Causes of Hypokalemia
Cats may lose potassium through urine, but the potassium levels are kept at a normal level if the cat is healthy. Common causes of hypokalemia include:
- Kidney dysfunction or kidney failure
- Liver disease
- Hyperthyroidism (high levels of thyroid hormone)
- Hyperadrenocorticism (hyperactivity of the adrenal gland)
- Chronic vomiting and diarrhea
The condition may also be genetic.
Symptoms of Hypokalemia
The symptoms of low potassium in the cat will vary depending on how severe the hypokalemia is. If the hypokalemia is mild, the cat may not present any symptoms.
If the potassium levels are very low, the cat will present a few symptoms such as:
- General state of weakness, the muscles will be weak and the cat may not perform normal movements (may not be able to lift his head and will walk in an unusual manner)
- Chronic constipation
- Lack of appetite
- More frequent urination and increased thirst
- Weight loss
The potassium levels may be measured by performing a few blood tests and a urinalysis. If the hypokalemia is severe, the vet will also perform an electrocardiogram (EKG) to see if the heart has been affected.
The blood tests may show anemia and the urine will be also diluted.
The treatment of hypokalemia will consist of potassium supplements; these may be administered intravenously, if the condition is severe.
The intravenous potassium should be administered in diluted amounts, so that it can be absorbed by the body. If the potassium is not diluted, it may cause heart problems and may also be fatal.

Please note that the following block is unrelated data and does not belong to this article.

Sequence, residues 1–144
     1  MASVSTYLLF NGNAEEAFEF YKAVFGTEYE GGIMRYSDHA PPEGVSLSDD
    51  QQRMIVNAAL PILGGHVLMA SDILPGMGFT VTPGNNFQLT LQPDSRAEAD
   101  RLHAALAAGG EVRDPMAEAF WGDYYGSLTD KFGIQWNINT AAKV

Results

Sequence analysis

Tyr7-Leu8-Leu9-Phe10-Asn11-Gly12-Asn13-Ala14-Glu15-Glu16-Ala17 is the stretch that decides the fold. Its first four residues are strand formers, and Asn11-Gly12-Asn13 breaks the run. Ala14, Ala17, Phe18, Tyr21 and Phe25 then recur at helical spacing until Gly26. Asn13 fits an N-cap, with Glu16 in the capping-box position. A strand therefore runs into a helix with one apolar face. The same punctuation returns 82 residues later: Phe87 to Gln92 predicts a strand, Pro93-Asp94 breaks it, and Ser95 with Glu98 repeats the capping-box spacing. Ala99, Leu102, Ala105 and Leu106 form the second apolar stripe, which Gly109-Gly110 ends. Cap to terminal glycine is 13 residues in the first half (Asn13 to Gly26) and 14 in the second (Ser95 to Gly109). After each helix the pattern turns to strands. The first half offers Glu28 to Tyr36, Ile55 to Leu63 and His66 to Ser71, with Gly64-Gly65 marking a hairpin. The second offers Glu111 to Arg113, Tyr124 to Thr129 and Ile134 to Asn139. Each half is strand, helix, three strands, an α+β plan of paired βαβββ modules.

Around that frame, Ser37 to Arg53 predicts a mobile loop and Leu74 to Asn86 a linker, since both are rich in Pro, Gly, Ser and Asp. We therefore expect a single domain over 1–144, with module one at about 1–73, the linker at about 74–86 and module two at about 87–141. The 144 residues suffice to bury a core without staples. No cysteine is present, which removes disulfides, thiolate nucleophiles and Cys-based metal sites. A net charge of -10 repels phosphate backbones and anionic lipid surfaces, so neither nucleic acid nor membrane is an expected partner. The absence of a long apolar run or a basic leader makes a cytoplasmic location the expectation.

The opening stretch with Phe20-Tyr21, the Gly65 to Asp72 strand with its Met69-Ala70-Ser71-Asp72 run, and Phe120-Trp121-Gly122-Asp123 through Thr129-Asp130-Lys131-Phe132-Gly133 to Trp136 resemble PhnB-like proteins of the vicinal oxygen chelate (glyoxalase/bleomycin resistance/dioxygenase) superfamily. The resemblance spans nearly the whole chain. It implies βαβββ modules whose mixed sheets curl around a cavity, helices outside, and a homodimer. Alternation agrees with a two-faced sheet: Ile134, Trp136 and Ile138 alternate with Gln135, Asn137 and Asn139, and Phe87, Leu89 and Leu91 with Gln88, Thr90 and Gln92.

The cat can receive potassium supplements such as Tumil K or Potassium gluconate. The dosage should be established by the vet. The cat should respond to the treatment and show signs of improvement in 2 to 5 days of treatment.
Typically, the potassium treatment will be administered for life. A discontinuation of potassium supplements may result in complications and heart disease.
The cat should be monitored and periodical tests should be performed to determine if the treatment is working and to make possible modifications to the dosage.
Don't administer potassium to your pet without having a proper diagnosis.
If the cat is affected by an underlying condition, this must be managed as well.
Preventing Low Potassium Levels
Hypokalemia may not always be prevented, but you should make sure your cat gets quality food, so that he has all the potassium he needs.
Your vet may recommend potassium supplements.